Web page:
The Tobacco Factory in Two Gentlemen of Verona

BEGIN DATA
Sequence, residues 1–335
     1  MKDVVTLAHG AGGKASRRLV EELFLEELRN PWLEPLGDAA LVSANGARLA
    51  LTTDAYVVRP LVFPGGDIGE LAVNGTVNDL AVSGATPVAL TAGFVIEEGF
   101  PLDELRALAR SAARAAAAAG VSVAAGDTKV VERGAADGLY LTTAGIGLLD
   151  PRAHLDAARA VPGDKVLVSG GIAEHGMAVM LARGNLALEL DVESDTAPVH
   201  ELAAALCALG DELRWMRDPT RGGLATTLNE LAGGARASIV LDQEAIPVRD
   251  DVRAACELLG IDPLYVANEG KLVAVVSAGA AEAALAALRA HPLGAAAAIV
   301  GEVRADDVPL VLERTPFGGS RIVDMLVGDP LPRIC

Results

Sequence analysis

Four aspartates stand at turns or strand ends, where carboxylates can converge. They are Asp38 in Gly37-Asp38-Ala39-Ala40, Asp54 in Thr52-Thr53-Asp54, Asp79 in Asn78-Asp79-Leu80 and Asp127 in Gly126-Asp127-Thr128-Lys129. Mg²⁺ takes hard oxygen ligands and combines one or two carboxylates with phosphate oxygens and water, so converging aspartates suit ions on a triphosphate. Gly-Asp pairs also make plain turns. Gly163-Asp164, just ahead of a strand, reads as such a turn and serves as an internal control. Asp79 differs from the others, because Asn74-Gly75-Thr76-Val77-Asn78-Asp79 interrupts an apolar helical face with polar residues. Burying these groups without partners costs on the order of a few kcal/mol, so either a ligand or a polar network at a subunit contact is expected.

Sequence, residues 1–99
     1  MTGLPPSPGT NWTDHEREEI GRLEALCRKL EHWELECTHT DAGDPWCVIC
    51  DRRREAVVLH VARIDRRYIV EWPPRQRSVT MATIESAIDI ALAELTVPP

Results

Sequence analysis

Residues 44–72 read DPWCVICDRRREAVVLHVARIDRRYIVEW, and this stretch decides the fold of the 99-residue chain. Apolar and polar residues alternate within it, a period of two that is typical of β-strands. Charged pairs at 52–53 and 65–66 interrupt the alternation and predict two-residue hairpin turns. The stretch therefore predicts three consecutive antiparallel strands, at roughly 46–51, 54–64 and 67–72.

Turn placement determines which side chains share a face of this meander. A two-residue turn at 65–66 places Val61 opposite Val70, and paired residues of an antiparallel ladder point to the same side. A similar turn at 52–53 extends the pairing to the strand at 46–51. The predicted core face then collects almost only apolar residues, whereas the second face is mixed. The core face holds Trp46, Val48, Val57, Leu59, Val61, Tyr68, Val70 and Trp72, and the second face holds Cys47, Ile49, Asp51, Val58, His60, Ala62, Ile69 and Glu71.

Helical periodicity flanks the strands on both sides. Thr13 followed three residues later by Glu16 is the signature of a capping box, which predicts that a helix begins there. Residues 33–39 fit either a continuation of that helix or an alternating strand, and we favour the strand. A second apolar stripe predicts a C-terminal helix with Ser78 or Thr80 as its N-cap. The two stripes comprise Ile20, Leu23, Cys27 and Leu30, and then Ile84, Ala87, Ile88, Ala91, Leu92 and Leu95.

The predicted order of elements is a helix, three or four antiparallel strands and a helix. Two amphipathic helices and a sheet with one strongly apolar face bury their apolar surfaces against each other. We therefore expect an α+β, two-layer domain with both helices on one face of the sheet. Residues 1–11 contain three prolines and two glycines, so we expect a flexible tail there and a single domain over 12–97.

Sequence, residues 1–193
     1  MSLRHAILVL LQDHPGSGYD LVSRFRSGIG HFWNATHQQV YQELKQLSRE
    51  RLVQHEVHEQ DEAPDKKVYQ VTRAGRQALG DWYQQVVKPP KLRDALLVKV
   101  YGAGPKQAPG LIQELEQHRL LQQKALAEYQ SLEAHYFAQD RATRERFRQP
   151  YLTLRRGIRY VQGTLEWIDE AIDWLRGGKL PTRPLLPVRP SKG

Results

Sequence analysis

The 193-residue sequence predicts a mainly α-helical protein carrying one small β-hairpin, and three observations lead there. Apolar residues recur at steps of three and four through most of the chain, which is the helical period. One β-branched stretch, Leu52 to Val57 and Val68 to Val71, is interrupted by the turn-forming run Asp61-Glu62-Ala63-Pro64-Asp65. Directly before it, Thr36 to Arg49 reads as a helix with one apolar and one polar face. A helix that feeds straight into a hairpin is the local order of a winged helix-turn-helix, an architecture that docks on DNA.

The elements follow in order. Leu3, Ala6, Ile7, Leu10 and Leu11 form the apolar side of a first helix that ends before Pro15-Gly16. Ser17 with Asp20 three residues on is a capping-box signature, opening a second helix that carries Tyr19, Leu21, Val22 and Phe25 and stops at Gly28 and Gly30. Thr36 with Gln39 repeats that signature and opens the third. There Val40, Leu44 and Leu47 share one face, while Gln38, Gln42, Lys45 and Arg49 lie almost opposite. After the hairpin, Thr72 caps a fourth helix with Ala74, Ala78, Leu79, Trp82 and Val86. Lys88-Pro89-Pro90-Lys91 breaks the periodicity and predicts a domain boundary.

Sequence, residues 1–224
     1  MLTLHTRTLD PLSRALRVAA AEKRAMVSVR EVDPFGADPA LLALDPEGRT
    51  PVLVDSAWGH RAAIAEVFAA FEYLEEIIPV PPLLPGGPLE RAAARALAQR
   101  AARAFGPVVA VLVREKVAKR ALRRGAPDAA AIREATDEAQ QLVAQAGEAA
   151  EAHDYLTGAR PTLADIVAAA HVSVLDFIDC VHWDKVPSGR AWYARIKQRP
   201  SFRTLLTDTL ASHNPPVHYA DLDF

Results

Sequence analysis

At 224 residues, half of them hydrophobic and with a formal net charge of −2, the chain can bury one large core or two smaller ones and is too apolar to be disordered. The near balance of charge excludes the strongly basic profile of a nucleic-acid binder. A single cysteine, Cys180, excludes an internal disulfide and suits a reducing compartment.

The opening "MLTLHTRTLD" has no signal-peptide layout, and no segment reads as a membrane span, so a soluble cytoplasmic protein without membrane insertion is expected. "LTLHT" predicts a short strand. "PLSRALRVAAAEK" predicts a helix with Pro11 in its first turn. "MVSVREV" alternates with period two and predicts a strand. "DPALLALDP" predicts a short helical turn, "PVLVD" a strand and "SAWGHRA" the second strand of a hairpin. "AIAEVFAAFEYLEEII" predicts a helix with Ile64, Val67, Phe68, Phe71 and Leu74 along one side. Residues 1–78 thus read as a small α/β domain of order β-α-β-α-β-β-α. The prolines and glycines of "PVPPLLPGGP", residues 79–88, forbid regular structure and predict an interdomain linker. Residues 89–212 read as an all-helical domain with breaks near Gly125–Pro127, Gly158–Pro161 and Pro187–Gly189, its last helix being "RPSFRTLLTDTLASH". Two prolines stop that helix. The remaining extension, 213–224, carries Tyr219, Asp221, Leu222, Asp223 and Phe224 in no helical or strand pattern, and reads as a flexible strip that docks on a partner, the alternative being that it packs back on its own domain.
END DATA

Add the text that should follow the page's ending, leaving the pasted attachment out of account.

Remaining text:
Two Gentlemen of Verona has not a great reputation as a Shakespearian comedy. Someone once remarked that by the time you get to the second half, you realise that there are no longer any gentlemen in Verona. And, in truth, the artificiality of the plot and the contrived ending suggest that our Will was struggling with this one. How is it, then, that the current production of the play by the Tobacco Factory company is so triumphantly successful? Partly because it is so elegantly staged in the Edwardian period; partly because the young actors have such a mastery of the language; partly because in their movements and facial expressions they do so much to bring the characters alive. But most importantly it is because the director Andrew Hinton finds beneath the artificial plot an undercurrent of powerful emotions and he has had the courage to treat these seriously. Whether Shakespeare intended such an interpretation is beside the point. His genius lies in providing dramatic situations and language which, because they emerge from an innate understanding of human beings, are capable of communication by interpretation at different levels and from different perspectives.